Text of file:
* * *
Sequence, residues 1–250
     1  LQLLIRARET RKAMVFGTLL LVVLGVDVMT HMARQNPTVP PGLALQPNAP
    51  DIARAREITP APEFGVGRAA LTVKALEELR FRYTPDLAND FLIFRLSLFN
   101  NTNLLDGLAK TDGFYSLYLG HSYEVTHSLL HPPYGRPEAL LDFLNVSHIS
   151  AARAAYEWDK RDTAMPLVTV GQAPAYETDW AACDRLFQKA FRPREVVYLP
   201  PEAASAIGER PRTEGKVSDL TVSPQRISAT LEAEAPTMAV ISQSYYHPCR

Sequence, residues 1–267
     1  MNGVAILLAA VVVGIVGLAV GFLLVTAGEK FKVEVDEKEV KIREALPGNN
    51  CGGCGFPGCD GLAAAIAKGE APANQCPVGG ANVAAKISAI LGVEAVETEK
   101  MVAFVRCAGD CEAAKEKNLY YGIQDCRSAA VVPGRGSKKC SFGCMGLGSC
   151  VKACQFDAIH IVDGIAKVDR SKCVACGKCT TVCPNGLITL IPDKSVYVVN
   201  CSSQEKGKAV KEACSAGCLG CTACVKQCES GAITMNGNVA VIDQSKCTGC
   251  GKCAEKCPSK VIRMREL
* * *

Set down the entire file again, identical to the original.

Sequence, residues 1–250
     1  LQLLIRARET RKAMVFGTLL LVVLGVDVMT HMARQNPTVP PGLALQPNAP
    51  DIARAREITP APEFGVGRAA LTVKALEELR FRYTPDLAND FLIFRLSLFN
   101  NTNLLDGLAK TDGFYSLYLG HSYEVTHSLL HPPYGRPEAL LDFLNVSHIS
   151  AARAAYEWDK RDTAMPLVTV GQAPAYETDW AACDRLFQKA FRPREVVYLP
   201  PEAASAIGER PRTEGKVSDL TVSPQRISAT LEAEAPTMAV ISQSYYHPCR

Sequence, residues 1–267
     1  MNGVAILLAA VVVGIVGLAV GFLLVTAGEK FKVEVDEKEV KIREALPGNN
    51  CGGCGFPGCD GLAAAIAKGE APANQCPVGG ANVAAKISAI LGVEAVETEK
   101  MVAFVRCAGD CEAAKEKNLY YGIQDCRSAA VVPGRGSKKC SFGCMGLGSC
   151  VKACQFDAIH IVDGIAKVDR SKCVACGKCT TVCPNGLITL IPDKSVYVVN
   201  CSSQEKGKAV KEACSAGCLG CTACVKQCES GAITMNGNVA VIDQSKCTGC
   251  GKCAEKCPSK VIRMREL